The ICAM Investigation Tool is a very diverse model for investigating incidents and near misses, however when we talk about ICAM to safety professionals, many feel that it is too cumbersome or requires too much input and detail to be effective.
In this case study, will introduce you to the "Quick and Dirty" ICAM which can be completed in around 45 minutes.
Background to the ICAM Process
There are 4 keys steps in completing an ICAM investigation, as outlined below:
Case Study- Background
A catering worker was working on a mine site and was cleaning the floor following a spill in the cafeteria.
The worker slipped on the floor and as a result, sustained a bruised left elbow.
We’ve been advised that we have no more than 1 hour to investigate as the worker’s shift will end and he flies off site and will commence annual leave upon his return home.
We now have to decide, do we-?
Despite the connotations that may come to mind with the reference to a quick and dirty investigation, this is still a thorough process which will establish robust recommendations and learning's for the organisation. The point is the ICAM is diverse enough that it can be scaled up and down according to the nature of the incident.
Case Study- PEEPO
During this phase, the investigation team must gather as many relevant facts as possible so as to understand the incident and the events leading up to it.
For each of the 5 data categories shown below, the team should identify all conditions, actions or deficiencies, which may have been contributing factors to the incident.
To ensure that all the facts are uncovered, ask the following questions for each category: Who? What? When? Where? Why? And How?
For this investigation, our PEEPO looks like:
Case Study- Data Organisation
Once the data has been collected, it is important that it be organised logically and sequentially in preparation for ICAM analysis.
Several data organising techniques can be used to assist with the correlation.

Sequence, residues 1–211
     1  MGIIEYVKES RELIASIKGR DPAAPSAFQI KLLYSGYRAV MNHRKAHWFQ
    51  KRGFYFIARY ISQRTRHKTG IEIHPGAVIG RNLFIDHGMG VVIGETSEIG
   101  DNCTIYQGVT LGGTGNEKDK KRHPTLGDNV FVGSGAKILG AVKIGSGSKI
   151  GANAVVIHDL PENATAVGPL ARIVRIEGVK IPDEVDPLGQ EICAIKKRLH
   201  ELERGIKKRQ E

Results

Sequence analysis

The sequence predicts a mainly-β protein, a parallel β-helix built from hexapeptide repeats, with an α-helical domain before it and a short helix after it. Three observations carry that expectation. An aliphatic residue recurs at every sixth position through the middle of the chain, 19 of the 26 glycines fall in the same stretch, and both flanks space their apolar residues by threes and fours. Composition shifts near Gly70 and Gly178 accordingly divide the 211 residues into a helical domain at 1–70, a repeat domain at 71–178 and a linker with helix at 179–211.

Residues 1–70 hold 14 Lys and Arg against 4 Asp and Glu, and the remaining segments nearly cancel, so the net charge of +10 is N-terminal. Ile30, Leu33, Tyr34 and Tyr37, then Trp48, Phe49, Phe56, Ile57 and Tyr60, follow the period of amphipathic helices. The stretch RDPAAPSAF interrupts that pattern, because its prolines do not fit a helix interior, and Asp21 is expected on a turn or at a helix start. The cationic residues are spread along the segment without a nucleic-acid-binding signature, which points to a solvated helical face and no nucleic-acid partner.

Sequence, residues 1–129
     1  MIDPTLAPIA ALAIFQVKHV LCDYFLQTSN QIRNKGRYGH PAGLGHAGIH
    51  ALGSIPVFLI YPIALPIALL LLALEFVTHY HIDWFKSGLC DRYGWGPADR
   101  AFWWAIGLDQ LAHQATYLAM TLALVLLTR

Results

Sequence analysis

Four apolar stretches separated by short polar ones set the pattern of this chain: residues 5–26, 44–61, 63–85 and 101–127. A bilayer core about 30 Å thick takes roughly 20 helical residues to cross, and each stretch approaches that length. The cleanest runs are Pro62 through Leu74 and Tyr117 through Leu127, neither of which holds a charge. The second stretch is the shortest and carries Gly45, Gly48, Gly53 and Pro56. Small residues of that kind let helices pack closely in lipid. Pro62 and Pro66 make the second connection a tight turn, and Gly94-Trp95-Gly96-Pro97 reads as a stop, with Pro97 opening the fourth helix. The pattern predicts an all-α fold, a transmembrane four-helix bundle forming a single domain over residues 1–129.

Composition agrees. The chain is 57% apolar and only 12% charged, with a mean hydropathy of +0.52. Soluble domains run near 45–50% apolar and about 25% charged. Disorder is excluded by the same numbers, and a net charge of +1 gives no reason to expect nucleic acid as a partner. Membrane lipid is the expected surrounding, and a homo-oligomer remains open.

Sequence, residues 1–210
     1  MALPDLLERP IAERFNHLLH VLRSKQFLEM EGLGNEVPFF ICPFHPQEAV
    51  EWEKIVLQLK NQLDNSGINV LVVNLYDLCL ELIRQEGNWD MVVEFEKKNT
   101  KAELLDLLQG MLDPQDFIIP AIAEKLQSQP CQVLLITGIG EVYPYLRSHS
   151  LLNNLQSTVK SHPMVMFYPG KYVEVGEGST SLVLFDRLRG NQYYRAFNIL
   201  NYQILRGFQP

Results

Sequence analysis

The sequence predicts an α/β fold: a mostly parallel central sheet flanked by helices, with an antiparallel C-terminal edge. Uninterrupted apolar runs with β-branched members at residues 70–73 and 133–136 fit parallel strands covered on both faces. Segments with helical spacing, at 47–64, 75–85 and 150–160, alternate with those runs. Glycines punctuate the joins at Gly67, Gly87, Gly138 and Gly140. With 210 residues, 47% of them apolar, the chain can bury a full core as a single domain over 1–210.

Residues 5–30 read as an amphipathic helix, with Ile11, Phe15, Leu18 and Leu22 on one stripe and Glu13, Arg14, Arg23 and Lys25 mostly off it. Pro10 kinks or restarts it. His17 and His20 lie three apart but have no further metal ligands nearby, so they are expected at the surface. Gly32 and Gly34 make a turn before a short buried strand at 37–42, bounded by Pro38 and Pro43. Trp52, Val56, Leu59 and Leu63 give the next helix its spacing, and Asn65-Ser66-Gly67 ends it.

There are many data organisation tools available. Data organisation tools can either be timeline or flowchart based. Examples of data organisation tools are shown below:
Time lines Flow charts
– Simple Timeline – 5 Whys
– Parallel Timeline – Incident Trees
– Event and Condition Charts – Fault Tree Analysis
– Time Ordered Event Charts – Root Cause Analysis
Case Study- Data Analysis
To analyse, extract each piece of factual information from the investigation findings or the draft incident report and classify it into one of the 5 ‘contributory’ categories shown below.
Absent / Failed Defences
Individual / Team Actions
Task / Environmental Conditions
Organisational Factor Types
Note – Some of the findings will just be facts and will not be contributory factors to the incident or outcome, e.g. the time of the incident is a fact but is non-contributory to the event.
Absent/Failed Defences- These contributing factors result from inadequate or absent defences that failed to detect and protect the system against technical and human failures. These are the control measures which did not prevent the incident or limit its consequences.
Individual/Team Actions- These are the errors or violations that led directly to the incident. They are typically associated with personnel having direct contact with the equipment, such as operators or maintenance personnel. They are always committed ‘actively’ (someone did or didn’t do something) and have a direct relation with the incident.